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Narcissus flowers provide the perfume world’s most ‘naughty notes’.
Described as sultry, rich, and earthy, its fragrance is almost a little sharp, with a ‘green’ animalic scent and traces of hyacinth and jasmine. A bit naughty smelling, the narcissus / daffodil is worn by those not afraid to wear a perfume that makes a statement. (1)
The essential oil is predominately produced in the Grasse region of France and the Netherlands (2), and used mainly in high end perfumes, such as Dior’s Eau de Toilette Miss Dior, Tom Ford’s Jonquil de Nuit, Molinard de Molinard, Guerlain Vol de Nuit, Armani Armani, Lancôme’s Climate de Collection, and Hermes Amazon.
It takes 500 kilograms of flowers to produce 300 grams of ‘absolute’, making it an expensive oil! (2)
The use of narcissus in perfume isn’t a modern day haute couture occurrence.
The narcissus was used in ancient Rome for the creation of a fragrance called Naricssinum. Arabs used it in their perfumery, as well as to cure baldness. In India, narcissus oil is applied to body before prayer. It was used in cosmetics as an additive to powders, soaps and lipsticks. (2)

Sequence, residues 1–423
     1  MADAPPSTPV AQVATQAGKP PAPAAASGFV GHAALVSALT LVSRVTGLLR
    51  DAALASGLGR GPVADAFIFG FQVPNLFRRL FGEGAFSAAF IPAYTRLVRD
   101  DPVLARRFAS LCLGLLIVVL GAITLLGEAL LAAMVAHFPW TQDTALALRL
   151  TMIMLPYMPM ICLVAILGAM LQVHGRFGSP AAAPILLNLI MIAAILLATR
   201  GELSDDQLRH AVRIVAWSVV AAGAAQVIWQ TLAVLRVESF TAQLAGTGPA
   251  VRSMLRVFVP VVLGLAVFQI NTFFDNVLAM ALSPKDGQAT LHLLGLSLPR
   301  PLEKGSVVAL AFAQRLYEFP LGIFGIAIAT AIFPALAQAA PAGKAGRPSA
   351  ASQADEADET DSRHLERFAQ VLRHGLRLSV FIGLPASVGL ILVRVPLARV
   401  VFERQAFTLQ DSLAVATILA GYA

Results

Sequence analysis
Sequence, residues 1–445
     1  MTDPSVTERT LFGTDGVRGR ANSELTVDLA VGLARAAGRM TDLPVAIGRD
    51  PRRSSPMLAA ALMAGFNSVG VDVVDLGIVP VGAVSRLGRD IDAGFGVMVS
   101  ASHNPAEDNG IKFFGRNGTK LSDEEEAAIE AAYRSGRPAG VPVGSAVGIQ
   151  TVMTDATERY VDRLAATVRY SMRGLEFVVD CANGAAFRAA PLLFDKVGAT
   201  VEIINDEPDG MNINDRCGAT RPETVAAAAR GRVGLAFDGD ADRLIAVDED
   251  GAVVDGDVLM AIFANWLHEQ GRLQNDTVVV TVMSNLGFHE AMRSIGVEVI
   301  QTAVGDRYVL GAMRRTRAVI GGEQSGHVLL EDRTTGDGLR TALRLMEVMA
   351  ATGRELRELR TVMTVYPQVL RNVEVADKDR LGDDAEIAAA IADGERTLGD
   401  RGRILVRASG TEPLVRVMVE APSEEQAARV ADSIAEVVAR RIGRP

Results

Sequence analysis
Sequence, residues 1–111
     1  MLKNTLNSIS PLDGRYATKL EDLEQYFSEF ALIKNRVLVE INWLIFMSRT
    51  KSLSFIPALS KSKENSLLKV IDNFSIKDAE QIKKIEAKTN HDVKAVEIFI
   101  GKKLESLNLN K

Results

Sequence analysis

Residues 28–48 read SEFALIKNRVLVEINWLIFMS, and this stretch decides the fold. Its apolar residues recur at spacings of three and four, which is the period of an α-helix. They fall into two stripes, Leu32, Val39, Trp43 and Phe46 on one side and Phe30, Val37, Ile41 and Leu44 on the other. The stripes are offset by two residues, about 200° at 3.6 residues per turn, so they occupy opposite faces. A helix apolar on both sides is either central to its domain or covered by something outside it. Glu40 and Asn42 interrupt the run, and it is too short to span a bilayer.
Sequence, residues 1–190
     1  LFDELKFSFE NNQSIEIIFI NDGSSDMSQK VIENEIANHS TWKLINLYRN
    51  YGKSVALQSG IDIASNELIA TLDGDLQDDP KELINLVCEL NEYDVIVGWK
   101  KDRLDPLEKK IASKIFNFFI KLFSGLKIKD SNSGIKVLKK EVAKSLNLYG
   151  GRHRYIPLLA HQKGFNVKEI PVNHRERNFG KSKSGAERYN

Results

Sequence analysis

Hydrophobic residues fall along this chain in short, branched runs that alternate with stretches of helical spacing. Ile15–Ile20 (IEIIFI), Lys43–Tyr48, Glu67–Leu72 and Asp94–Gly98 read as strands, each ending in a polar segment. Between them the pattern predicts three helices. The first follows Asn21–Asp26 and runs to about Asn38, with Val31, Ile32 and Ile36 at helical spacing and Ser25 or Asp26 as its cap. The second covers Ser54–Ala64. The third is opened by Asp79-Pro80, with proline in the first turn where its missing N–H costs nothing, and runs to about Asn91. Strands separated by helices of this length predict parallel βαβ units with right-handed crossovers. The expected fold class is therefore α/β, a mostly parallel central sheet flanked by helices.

The name narcissus itself was probably derived from the Greek word ‘narke’ and later adopted by Romans as ‘narce’, meaning ‘to be numb’, referring to the narcotic effects of narcissus, which can sometimes be overwhelming. A bit like when one wears too much perfume! (2)
The cultivated narcissus come in three different varieties.
The Daffodil: Featuring four to six flattened, grass-like leaves and a flower stalk bearing asingle flower with a long, trumpet like ‘corona’.
The Jonquil: Featuring two to four narrow, cylindrical, rush-like leaves and a flower stalk bearing two to six relatively small flowers with short ‘coronas’.
The Narcissus: Similar to daffodils, but its flattened flower stalk bears four to eight flowers with short ‘coronas’.